Warning: Noise hazard! High-volume MP3 players can cause hearing loss
Many workplaces permit employees to listen to MP3 players—especially in factories or at work sites where noise volumes are hazardous or distracting. But using MP3 players (such as iPods) as noise-canceling devices can cause noise-induced hearing loss (NIHL) if listeners crank up the volume.
Guidance on noise-induced hearing loss from the National Institutes of Health's National Institute on Deafness and Other Communication Disorders says that "repeated exposure to sounds at or above 85 decibels can cause hearing loss." Many experts cite 80 decibels as the danger level—roughly equivalent to the sound of heavy city traffic.
"I see employees wear MP3 players while working all the time, and I know they are listening to them at least 5 or 10 dB above background," says Elisabeth Black, certified industrial hygienist. "I think it is a major problem, the results of which won't become apparent for a while—until it is too late for many."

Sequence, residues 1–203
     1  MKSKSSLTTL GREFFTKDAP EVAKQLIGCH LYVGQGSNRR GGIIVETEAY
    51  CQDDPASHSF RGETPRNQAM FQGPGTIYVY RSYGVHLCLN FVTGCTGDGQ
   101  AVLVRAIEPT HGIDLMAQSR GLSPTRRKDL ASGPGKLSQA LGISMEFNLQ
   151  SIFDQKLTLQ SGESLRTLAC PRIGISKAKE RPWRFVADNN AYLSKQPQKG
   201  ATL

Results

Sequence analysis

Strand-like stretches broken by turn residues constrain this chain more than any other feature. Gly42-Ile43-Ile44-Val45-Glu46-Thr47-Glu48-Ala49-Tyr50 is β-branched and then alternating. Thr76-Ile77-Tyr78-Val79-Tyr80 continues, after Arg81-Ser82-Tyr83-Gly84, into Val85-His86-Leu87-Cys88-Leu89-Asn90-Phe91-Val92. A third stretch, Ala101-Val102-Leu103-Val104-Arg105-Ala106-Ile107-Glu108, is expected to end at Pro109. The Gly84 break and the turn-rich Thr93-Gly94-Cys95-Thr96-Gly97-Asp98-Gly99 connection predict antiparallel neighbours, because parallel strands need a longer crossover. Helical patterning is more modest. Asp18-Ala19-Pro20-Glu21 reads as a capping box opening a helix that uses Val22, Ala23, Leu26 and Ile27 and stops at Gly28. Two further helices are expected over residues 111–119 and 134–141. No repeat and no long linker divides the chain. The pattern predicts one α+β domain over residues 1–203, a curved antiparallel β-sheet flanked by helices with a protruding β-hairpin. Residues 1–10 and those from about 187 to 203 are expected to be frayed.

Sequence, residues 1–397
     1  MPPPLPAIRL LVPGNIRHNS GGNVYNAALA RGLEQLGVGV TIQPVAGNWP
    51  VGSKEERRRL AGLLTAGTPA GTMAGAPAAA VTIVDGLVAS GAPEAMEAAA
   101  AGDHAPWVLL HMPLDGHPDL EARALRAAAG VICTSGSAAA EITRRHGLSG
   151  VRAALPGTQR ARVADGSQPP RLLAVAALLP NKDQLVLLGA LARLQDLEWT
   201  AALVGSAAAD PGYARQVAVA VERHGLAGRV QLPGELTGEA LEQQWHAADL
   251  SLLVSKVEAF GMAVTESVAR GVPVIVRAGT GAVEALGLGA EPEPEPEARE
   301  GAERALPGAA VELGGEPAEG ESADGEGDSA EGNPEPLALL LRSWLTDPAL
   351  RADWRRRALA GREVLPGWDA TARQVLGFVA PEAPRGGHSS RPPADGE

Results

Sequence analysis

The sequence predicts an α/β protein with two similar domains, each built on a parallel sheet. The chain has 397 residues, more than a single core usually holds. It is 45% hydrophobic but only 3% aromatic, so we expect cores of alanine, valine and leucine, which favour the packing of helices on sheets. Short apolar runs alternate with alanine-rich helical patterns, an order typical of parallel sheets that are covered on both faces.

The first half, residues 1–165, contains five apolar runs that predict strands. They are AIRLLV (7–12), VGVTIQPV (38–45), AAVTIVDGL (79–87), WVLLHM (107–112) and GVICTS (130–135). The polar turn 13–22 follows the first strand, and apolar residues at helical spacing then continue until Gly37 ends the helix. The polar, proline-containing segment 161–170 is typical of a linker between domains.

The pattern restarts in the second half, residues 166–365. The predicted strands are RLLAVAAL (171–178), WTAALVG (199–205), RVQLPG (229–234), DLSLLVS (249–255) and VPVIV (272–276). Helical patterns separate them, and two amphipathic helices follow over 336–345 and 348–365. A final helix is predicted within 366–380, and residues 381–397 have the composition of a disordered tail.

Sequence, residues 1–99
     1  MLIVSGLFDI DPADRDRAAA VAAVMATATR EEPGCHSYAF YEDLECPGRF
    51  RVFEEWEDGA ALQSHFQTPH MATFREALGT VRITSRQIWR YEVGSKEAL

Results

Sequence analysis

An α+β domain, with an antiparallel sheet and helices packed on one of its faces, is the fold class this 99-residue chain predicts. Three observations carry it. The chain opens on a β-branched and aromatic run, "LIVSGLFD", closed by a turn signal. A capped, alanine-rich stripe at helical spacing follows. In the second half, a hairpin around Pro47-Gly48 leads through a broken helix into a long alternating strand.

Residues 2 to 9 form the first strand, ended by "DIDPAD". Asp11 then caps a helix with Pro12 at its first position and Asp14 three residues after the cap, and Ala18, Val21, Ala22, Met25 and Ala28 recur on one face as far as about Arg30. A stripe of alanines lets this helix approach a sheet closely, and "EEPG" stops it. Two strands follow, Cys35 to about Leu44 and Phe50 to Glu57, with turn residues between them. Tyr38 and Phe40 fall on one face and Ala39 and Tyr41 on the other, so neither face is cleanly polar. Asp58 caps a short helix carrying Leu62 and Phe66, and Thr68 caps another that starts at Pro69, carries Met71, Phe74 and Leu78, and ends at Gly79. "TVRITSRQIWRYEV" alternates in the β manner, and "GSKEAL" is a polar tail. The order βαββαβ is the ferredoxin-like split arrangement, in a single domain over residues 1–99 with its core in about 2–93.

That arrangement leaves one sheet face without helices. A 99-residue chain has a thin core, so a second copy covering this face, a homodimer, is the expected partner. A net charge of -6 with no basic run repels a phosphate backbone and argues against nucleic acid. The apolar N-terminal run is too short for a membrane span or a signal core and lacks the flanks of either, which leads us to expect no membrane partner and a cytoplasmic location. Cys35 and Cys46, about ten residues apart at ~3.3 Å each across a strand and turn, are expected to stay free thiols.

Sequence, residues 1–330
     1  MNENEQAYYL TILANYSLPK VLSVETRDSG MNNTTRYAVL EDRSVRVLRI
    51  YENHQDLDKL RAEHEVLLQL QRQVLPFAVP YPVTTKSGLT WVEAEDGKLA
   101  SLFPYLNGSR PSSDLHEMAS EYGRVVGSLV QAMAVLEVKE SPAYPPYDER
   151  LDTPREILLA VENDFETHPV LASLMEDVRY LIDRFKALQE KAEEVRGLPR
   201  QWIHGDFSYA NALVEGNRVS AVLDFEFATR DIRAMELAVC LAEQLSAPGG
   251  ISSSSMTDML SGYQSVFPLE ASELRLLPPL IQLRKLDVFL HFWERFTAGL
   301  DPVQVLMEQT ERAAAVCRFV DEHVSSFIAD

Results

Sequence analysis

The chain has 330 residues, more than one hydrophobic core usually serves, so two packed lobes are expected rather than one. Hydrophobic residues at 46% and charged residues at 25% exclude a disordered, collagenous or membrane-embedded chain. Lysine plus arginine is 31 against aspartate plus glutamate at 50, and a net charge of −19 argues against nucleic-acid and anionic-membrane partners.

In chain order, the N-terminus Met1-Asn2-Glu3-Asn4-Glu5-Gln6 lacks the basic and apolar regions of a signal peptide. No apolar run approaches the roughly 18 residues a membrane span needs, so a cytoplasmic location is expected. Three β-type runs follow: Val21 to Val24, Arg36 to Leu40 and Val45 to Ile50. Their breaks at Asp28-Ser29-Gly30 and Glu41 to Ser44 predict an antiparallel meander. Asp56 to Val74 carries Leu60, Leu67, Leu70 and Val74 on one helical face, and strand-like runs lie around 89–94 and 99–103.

Noise-induced hearing loss is painless and is not immediately noticeable. Gradual loss can take place for years before people start to realize they can't hear as well as they used to—sounds are distorted or muffled. Speech becomes harder to understand. And noise-induced hearing loss is permanent. Hearing acuity, once lost, cannot be restored.
A danger-awareness video called "My iPod Can Destroy My Hearing?? Say What??" from the Mountain and Plains Education and Research Center at the Colorado School of Public Health tells "how loud is too loud" and describes how to prevent MP3-induced hearing loss.
The video lists these prevention measures:
- Use noise-canceling headphones or earbuds to block out ambient noise (so you won't have to turn up your MP3 player so loud).
- Set a volume limit on your MP3.
- At least every 45 minutes, take a break from listening to your MP3.
A more immediate danger to MP3-listening workers, notes Elisabeth, is failure to hear work-site warnings or hazard communications.
For more information, Macworld.com offers an excellent overview of hearing safety and MP3 players.